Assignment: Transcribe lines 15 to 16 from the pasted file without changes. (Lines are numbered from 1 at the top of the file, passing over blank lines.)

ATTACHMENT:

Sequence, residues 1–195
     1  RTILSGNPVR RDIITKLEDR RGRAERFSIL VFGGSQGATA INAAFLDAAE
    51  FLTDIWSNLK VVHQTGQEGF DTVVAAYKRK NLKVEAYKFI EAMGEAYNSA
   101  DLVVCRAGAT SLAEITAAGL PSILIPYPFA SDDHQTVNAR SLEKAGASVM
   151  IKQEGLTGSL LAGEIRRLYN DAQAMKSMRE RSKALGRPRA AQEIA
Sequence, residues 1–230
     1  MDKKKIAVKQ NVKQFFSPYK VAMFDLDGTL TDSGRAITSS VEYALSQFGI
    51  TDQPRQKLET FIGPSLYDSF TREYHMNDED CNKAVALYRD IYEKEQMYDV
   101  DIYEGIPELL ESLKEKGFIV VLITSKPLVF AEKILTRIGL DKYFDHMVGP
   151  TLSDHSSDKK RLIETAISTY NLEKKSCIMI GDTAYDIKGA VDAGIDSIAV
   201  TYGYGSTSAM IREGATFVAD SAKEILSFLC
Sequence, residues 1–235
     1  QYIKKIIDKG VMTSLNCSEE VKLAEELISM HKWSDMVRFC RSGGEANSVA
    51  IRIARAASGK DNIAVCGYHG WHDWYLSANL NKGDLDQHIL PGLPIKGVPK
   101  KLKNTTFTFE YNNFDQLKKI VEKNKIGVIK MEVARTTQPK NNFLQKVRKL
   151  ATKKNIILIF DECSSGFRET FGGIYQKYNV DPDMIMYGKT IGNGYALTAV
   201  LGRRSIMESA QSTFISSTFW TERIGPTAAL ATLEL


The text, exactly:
   101  KLKNTTFTFE YNNFDQLKKI VEKNKIGVIK MEVARTTQPK NNFLQKVRKL
   151  ATKKNIILIF DECSSGFRET FGGIYQKYNV DPDMIMYGKT IGNGYALTAV